# What is the way to express Yang-Mills symmetry groups without gauges?

Given a Yang-Mills theory such as $$SU(3)$$ which has 8 gluons. After we gauge-fix this theory, it no longer has $$SU(3)$$ guage symmetry. Yet, we still use the group constants and the 8 types of gluons to calculate the Feynman graphs.

Thus the gauge-fixed action still retains some sort of $$SU(3)$$-ness to it even though it is not a local symmetry any more.

In the gauge-fixed action, what is the name of this $$SU(3)$$-ness?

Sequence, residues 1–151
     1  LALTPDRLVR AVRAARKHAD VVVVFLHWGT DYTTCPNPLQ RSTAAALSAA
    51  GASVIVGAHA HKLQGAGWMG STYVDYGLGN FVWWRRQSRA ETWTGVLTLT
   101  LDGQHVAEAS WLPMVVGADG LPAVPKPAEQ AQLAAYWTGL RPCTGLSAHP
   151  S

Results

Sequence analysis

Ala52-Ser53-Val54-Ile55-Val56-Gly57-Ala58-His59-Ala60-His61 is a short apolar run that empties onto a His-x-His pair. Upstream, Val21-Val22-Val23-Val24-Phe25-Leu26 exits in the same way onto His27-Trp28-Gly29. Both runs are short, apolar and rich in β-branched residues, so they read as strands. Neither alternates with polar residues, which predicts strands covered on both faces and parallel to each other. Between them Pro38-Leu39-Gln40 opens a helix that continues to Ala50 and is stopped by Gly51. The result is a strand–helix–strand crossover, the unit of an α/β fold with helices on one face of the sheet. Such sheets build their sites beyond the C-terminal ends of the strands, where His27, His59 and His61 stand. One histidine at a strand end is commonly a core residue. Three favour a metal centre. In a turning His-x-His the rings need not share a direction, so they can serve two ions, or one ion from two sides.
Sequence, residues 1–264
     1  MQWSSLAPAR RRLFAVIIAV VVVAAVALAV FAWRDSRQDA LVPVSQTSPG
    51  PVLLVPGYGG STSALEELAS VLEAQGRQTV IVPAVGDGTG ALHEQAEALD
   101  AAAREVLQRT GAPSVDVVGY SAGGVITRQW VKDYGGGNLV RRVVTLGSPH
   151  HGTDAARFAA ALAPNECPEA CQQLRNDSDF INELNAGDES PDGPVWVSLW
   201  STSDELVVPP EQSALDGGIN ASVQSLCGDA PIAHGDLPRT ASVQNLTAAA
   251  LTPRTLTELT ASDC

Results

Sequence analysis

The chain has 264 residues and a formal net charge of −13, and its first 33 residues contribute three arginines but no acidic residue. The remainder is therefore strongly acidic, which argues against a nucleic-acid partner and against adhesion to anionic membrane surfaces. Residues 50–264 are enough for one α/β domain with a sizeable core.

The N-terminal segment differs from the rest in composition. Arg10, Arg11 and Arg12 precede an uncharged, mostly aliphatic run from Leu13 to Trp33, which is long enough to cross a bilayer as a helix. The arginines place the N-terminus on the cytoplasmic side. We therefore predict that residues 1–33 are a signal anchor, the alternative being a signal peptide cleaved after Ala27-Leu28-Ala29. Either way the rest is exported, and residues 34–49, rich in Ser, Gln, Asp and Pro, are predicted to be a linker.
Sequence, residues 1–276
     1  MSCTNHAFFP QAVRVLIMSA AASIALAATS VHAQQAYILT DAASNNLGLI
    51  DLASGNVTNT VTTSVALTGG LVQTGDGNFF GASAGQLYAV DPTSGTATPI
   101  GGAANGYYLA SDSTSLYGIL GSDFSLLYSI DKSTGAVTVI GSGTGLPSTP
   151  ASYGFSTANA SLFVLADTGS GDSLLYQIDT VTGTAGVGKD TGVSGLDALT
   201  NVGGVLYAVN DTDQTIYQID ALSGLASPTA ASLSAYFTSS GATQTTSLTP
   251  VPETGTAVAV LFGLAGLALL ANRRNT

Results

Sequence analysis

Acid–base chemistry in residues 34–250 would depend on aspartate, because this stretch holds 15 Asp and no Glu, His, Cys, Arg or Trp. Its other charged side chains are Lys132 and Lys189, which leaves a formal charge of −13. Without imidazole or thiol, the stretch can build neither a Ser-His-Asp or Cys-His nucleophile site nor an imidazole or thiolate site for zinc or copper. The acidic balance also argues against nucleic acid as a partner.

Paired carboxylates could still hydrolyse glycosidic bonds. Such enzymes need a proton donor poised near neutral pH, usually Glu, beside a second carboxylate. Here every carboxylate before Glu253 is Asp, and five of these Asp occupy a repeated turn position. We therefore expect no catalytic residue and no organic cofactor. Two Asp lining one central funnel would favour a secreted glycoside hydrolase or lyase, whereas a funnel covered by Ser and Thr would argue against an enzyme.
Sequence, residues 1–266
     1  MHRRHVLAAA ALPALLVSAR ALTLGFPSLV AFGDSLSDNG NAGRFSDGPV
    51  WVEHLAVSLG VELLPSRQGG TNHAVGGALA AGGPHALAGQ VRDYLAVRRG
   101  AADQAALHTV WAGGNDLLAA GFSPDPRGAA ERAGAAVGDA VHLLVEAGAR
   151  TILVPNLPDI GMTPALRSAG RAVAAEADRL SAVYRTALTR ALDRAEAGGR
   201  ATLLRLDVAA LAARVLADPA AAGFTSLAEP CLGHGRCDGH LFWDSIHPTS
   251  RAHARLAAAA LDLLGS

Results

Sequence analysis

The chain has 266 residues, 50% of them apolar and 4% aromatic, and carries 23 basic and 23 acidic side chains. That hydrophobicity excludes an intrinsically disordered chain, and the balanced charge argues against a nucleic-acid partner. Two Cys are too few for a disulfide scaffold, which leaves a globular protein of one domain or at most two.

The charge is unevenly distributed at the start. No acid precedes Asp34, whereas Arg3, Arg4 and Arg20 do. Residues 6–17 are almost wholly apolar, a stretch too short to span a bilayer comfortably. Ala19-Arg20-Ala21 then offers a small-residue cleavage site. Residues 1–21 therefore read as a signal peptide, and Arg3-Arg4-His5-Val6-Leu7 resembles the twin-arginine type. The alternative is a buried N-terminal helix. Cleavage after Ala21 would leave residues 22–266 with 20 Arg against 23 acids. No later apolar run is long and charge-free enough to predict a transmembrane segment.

It's like we start with a guage theory with group $$G$$, then gauge-fix it to remove the guage freedoms, but are left with a shadow of the group $$G$$.

i.e. we could still classify all gauge-fixed Yang-Mills actions by a group $$G$$.

So what is the relation of the gauge group to the gauge-fixed action?

• After removing the gauge freedom, there is still a global $SU(3)$ symmetry, and that's what relates the different gluons. – knzhou Oct 30 '19 at 0:18
• @knzhou I see, so with gauge-fixing you are making the symmetry act in the same way for all points in space-time turning the local symmetry into a global symmetry? – zooby Oct 30 '19 at 0:20
• Related post by OP: physics.stackexchange.com/q/508368/2451 – Qmechanic Oct 30 '19 at 0:38